The place was Oak Steakhouse and within months the place was making a profit. He also dealt with a high profile chef change and quickly found an excellent addition to the team, Chef Jeremiah Bacon.

TDM: Why Jeremiah?
Jeremiah and I hit it off immediately. When I asked him where he got inspiration from as a chef, he rattled off places like Gramercy Tavern, one of my all-time favorites. He also was talking about his vision for his future and mentioned finding 'the perfect place for his restaurant concept on 479 King Street." I had to stop him to tell him I had just signed the lease for that exact space. It was destined.

That it was and the two have made for a good partnership. Steve calls them each other's yin and yang.

I am impulsive and he is more thoughtful. We both have the same ideas just help get there at different vantage points. It just works.

Since the Oak Steakhouse, Steve and Indigo Road has continued to create high-end, thoughtful culinary places for the city. He often takes inspiration from his many trips he makes all over the world almost on a monthly basis. Often taking other team members, they visit as many food destinations they can to eat and absorb the good, bad and ugly to gain wisdom and ideas.

TDM: Talk about some places that have inspired you?
SP: The Macintosh was mostly inspired by Gramercy Tavern, O-Ku from a meal at Nobu, the Cocktail Club from Bourbon & Branch in San Francisco and now Indaco from Locanda Verde.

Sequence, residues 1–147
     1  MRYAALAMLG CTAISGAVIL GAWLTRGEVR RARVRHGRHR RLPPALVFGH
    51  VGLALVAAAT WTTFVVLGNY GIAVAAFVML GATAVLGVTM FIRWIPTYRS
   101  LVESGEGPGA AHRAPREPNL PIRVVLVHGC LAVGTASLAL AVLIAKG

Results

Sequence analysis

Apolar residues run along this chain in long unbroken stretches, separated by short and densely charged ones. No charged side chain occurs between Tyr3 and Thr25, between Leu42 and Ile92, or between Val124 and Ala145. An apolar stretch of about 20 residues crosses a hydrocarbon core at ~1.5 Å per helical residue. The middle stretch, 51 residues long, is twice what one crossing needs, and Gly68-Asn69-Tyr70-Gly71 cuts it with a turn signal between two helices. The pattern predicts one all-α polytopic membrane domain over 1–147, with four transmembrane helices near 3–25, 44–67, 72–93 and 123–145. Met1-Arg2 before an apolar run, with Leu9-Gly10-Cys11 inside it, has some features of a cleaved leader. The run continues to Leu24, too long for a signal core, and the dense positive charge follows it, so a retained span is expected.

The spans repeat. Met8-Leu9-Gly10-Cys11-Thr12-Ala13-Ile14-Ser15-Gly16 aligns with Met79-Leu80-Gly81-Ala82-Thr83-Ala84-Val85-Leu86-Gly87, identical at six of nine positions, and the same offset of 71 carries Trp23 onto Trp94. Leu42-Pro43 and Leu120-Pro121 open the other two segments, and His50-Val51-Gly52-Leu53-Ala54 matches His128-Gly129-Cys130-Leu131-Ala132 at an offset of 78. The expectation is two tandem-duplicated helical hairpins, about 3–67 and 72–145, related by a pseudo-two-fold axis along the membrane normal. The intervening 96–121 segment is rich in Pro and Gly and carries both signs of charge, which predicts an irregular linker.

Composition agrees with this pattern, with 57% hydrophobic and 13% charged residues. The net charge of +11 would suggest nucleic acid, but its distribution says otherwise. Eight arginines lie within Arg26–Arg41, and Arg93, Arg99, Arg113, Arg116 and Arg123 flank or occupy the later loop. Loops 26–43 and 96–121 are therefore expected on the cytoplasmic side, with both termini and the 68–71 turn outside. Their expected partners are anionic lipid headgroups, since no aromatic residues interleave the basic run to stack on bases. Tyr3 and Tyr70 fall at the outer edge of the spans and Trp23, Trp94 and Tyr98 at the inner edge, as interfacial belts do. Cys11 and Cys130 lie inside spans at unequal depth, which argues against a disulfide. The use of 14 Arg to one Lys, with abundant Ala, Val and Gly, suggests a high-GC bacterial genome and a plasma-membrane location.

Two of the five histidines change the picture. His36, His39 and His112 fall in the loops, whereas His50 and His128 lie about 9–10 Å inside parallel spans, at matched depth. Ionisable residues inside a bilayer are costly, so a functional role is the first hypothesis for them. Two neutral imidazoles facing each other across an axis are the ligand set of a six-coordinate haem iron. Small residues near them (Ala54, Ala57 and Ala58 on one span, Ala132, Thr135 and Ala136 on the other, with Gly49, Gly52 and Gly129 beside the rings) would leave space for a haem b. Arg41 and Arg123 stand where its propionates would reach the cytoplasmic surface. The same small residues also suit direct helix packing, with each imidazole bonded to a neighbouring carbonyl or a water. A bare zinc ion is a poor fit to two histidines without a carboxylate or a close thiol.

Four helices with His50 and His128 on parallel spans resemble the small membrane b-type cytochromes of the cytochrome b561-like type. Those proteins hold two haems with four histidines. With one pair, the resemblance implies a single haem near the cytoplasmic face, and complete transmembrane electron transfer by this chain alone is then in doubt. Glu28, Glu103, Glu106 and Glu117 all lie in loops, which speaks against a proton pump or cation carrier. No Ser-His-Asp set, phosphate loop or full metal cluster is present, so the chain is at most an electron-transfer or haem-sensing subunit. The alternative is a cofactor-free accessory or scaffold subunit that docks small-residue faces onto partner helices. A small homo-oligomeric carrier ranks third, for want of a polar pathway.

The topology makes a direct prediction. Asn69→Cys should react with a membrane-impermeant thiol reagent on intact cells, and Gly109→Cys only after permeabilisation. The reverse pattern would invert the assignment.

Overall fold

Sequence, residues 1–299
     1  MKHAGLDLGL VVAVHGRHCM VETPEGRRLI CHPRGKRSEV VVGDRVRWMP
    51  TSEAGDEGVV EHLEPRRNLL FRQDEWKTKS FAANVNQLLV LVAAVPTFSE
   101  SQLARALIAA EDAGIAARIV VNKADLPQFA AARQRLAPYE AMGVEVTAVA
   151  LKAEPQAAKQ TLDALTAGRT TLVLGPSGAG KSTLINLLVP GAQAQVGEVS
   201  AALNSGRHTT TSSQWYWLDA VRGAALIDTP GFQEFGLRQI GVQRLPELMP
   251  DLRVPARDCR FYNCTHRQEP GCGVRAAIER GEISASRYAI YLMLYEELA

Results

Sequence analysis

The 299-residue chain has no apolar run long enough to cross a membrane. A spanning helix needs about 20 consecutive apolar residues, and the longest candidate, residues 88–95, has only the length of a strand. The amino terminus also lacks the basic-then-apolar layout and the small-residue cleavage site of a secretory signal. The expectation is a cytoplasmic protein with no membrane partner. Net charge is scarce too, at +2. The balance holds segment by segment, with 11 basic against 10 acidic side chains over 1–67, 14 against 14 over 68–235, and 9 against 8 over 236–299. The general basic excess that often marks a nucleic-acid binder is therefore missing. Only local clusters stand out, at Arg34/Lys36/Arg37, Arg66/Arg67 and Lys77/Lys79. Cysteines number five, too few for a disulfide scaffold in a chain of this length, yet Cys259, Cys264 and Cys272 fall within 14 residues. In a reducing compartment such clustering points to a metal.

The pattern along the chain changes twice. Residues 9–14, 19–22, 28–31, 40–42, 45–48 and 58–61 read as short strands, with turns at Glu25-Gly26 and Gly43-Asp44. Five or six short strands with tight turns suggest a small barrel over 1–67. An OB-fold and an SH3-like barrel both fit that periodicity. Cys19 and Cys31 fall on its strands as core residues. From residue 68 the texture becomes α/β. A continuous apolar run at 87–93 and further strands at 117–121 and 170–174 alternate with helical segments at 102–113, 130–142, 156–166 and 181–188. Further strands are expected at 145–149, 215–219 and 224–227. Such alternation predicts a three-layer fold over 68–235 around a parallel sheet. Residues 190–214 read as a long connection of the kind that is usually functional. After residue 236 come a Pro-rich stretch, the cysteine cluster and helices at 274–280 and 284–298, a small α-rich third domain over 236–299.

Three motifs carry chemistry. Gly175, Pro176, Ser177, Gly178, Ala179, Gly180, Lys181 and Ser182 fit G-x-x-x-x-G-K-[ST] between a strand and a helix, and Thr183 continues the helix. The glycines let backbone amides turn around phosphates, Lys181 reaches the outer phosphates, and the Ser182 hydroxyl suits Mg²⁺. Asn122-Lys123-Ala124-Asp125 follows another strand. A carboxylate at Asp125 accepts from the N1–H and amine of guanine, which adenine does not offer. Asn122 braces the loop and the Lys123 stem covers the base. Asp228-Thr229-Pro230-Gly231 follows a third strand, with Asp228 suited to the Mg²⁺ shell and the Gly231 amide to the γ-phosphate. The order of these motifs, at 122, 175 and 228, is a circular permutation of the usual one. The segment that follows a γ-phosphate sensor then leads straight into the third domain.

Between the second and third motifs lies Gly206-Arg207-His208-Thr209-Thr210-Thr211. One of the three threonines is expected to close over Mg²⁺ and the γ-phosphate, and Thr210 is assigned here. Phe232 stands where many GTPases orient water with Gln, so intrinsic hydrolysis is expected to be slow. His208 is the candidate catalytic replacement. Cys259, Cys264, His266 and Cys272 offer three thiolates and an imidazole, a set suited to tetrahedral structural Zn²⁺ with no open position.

His real inspiration comes from a few extremely influential hospitality leaders. The first Chris Goss, the late Tom Parsell's nephew who was the backbone behind all of the HMGI brands for several years. The other Danny Meyer who is top of list for most successful business leaders, especially in this industry. Steve is such a loyal disciple of Danny that he has attended his leadership classes multiple times, has visited most all of his restaurants, sometimes on multiple trips and has a stack of his book Setting the Table to give to any and all staff he can.

TDM: Danny Meyer has inspired so many in this industry, talk more about his influence on you?
SP: Danny Meyer is who I aspire to be like. His philosophies and focus on service are in line with mine. I believe restaurants are 100 percent a reflection of who is running them and in Danny's cases you know his leaders love every part of the place they manage because you feel and see it in every single part of the dining experience.

TDM: So what's next for you?
SP: Besides the opening of Indaco in late summer, I am trying to travel as much as he can. All those years as a roadie for Bon Jovi and Guns & Roses made me into a wanderlust I guess (yes, that it is an entirely other story).

TDM: One last question, why Indigo Road?
SP:Indigo is the color of intuition and knowing. Ninety percent of all of my decisions have been based on intuition so that was clearly a good word. Then road: all roads for me have lead back to Charleston. I have left now four times and have always come back. So Indigo Road it was.